It has often been said of both faith and war, that greater love hath no man than the one who lays down his life for his friends. For the world slowly getting over the devastation of global war, the Korean War reminded all that sacrifices must be made by all generations.
Many of the young men who enlisted to fight in Korea were too young to contribute during World War II but observed carefully the example set for them during that great war and the need for conspicuous gallantry and sacrificial fighting would not be missed by this generation. In 1951, Lieut. Philip Curtis would undertake not one, but two one-man charges on a well defended Chinese bunker that was raining devastating machine-gun fire down upon his men.
With his last breath just as machine-gun fire from that bunker took his life, he launched the grenade from his hand that fell perfectly into the bunker and destroyed the enemy position. His men would stand in awe at what they had just witnessed and Lieut. Philip Curtis would be awarded the Victoria Cross.
The Battle of Imjin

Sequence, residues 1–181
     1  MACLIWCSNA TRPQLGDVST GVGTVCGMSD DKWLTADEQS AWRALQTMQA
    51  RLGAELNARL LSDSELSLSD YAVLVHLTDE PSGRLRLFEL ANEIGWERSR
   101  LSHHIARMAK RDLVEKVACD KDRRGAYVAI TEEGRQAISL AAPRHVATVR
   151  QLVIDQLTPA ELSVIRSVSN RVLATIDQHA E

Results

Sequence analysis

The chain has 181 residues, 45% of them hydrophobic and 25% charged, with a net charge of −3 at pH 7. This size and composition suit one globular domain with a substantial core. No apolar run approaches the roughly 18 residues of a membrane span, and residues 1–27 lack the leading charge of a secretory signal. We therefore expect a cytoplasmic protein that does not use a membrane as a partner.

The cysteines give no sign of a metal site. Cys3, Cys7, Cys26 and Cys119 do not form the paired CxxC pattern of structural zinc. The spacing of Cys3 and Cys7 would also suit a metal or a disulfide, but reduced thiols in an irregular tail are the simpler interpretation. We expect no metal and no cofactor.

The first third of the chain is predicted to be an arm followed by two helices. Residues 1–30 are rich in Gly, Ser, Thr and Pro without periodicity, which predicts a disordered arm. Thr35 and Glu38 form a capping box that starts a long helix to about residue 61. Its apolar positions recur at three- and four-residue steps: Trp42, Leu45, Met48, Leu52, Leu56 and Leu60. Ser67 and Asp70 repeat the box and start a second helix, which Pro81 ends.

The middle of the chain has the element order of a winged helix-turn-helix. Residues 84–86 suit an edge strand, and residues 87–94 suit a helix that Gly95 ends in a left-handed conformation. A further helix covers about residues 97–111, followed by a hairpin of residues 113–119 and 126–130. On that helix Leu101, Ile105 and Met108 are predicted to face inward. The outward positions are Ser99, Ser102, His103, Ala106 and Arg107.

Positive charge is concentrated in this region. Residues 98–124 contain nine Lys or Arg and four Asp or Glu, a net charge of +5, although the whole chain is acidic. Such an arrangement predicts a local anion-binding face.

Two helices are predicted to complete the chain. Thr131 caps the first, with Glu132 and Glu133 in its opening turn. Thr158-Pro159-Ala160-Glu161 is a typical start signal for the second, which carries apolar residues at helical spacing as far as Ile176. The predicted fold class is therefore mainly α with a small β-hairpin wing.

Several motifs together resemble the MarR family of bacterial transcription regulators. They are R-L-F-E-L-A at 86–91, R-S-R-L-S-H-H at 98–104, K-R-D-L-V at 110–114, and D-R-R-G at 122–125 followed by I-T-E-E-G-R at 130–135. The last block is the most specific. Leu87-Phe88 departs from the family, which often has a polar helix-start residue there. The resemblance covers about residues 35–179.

Philip Curtis was born in Plymouth, Devon in 1926 which meant he would just miss out on the fighting during World War 2. He no doubt watched the sacrifice of a nation and the men who marched off into war never to return knowing full well what awaited him when it was his turn.
In 1946, Curtis joined the Duke of Cornwell’s Light Infantry where he would eventually become commissioned as a Lieutenant. And while the first few years of his military service were somewhat uneventful, the North Korean invasion of South Korea in June 1950 would place an entirely new generation of warriors in harm’s way.
Unafraid to fight, this generation of the British Army was looking forward to proving their worth.
The Korean War was a remarkable seesaw battle during the early years of the war. Just as it seemed the North Koreans would push the South Koreans off the peninsula, the Allies broke out of the Pusan Perimeter and took the fight all the way to the Yalu River.
Just when it seemed Allied victory was inevitable, hundreds of thousands of Chinese soldiers came screaming across the border. As the war started to become more stagnant, there was a vicious fight for every hill and every bunker before the war settled at the 38th parallel.
But it would be in April of 1951, close to the IMjin River in Korea, that Lieut. Philip Curtis would give his life fighting to take one such bunker. The Chinese conducted a spring offensive that aimed to retake the city of Seoul from the allies which put Lieut. Curtis’s unit which was attached to the 1st Battalion of the Gloucestershire Regiment right in the crosshairs.
Overwhelmingly outnumbered, the Gloucestershire Regiment would make a heroic standard Hill 235 as they endured wave after wave of Chinese assault.
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